How did that “dragon” get into that respectable residential neighborhood of Lakewood, California? Few cities in Southern California have a better reputation as a peaceful place for families to live and for children to play. It now appears that Lakewood is no longer so safe for small pets, at least in those backyards bordered by a storm channel. Keep your chihuahua indoors at night.
That is not to say that this particular flying creature is dangerous to humans. The eyewitness in Lakewood estimated its wingspan at about six feet (perhaps more) and it flew away from her when she used a loud voice. But there have been fewer possums in that neighborhood, at least the ones that used to run along the phone lines at night, far fewer.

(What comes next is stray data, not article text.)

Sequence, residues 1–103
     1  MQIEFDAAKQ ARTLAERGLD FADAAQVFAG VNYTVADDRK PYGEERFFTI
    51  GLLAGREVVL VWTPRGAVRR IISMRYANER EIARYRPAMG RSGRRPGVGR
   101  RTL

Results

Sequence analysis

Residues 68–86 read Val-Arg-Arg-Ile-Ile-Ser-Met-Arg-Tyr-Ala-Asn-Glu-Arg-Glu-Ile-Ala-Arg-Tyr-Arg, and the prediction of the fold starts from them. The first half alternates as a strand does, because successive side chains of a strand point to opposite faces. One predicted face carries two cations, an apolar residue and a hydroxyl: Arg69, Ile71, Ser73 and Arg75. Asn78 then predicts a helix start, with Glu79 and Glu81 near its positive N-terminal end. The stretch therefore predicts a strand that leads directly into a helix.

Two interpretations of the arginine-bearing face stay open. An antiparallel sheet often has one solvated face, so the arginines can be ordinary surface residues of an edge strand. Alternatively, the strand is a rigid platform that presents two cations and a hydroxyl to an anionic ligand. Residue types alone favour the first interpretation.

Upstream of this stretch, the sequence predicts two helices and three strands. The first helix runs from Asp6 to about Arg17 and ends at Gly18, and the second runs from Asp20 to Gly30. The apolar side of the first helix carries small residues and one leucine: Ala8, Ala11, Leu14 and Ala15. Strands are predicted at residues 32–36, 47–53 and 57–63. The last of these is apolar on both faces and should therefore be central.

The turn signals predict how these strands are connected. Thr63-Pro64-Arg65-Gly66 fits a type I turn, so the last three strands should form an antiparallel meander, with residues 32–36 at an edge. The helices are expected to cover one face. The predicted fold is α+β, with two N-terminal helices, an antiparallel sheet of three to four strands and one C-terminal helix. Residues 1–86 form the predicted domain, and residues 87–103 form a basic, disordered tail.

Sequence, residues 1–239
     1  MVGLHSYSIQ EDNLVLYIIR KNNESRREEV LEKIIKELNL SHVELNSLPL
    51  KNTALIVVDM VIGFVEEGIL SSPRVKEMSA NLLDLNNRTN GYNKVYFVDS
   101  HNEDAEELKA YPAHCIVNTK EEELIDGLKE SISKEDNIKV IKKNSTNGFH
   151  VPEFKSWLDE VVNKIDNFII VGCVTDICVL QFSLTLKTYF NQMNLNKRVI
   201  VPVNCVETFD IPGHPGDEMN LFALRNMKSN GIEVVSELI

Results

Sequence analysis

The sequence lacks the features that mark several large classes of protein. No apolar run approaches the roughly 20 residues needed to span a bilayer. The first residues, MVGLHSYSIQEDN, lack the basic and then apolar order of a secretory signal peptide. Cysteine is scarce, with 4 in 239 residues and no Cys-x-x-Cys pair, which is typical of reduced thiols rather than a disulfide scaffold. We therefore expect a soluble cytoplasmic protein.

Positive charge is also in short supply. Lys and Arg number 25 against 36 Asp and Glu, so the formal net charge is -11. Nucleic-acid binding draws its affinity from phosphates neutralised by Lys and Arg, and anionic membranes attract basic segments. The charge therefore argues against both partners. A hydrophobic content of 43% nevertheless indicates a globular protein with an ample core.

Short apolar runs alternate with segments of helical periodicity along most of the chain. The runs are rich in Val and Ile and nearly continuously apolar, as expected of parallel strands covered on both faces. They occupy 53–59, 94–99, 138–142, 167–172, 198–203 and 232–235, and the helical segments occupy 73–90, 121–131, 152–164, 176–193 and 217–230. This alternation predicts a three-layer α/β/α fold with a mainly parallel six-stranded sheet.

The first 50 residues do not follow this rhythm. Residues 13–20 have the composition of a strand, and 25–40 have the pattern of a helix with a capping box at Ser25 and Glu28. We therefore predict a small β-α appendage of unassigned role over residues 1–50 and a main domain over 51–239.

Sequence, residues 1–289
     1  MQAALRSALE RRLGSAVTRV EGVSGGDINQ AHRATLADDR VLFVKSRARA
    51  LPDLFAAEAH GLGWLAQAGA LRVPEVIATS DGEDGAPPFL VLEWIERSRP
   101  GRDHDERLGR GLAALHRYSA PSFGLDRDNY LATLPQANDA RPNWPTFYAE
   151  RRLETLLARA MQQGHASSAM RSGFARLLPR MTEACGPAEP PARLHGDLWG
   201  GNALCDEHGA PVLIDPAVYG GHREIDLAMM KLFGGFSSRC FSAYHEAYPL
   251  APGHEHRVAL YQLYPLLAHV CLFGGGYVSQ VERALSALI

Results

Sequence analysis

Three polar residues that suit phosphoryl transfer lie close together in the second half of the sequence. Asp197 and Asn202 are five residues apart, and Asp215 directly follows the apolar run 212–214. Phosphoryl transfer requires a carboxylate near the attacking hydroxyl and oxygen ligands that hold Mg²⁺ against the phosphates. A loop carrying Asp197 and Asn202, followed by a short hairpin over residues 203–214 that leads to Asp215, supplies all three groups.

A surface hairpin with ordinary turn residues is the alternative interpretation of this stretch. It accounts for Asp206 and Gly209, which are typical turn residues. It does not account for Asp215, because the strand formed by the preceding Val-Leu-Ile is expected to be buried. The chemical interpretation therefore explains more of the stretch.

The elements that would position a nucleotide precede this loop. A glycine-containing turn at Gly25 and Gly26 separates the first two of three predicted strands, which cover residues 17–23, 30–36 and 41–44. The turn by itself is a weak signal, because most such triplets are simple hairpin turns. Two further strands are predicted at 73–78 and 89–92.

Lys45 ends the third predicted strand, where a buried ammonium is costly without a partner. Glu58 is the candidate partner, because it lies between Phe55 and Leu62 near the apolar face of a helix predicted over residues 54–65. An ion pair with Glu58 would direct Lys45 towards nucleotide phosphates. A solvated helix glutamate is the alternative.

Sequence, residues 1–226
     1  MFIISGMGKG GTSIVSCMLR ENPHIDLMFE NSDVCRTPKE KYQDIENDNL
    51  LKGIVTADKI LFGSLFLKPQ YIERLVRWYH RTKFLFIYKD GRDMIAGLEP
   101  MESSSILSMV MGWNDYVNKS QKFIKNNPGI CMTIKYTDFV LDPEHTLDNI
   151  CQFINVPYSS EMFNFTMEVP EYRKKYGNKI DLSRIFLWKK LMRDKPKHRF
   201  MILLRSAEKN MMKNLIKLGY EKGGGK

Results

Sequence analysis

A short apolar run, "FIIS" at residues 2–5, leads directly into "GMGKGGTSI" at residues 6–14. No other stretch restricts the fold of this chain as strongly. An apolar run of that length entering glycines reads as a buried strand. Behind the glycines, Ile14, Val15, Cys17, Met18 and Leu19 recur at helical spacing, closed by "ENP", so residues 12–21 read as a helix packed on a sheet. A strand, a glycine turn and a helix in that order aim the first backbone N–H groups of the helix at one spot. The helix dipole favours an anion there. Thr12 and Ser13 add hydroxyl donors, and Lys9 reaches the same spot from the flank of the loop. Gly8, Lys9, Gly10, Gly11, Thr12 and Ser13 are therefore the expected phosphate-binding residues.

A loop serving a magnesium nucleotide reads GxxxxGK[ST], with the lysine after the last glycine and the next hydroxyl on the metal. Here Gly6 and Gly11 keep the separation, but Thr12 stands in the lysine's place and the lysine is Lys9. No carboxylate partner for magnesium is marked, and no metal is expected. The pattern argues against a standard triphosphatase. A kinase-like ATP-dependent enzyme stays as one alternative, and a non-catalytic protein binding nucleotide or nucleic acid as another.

But how did a ropen get into Lakewood? Looking at a satelite map, it seems that a ropen from Mexico could have come up north along the coast and flew up the channel that eventually led it to a backyard where it could hide in daylight and hunt rats and possums in the night.
In the above map, the protected channel at the lower part of the image shows where the ropen may have come to enter the storm-drainage system that allowed it to get into the residential neighborhood in Lakewood. California State University Long Beach is at the upper part of the map.
Judging from the fear it had, when it flew away from the human eyewitness who spoke in a loud voice to her dog (who had been barking loudly), the Lakewood ropen should not be directly dangerous to the human population. In fact, it could be quite useful in ridding some neighborhoods of wild rats and possums.
South of Lakewood, in Long Beach, the storm channel passes through a park, where a lake hosts water fowl. This may eventually allow the creature to eat birds that it may find there at night.
Details in her description also verified the high probability that it was an American ropen (a Rhamphorhynchoid pterosaur).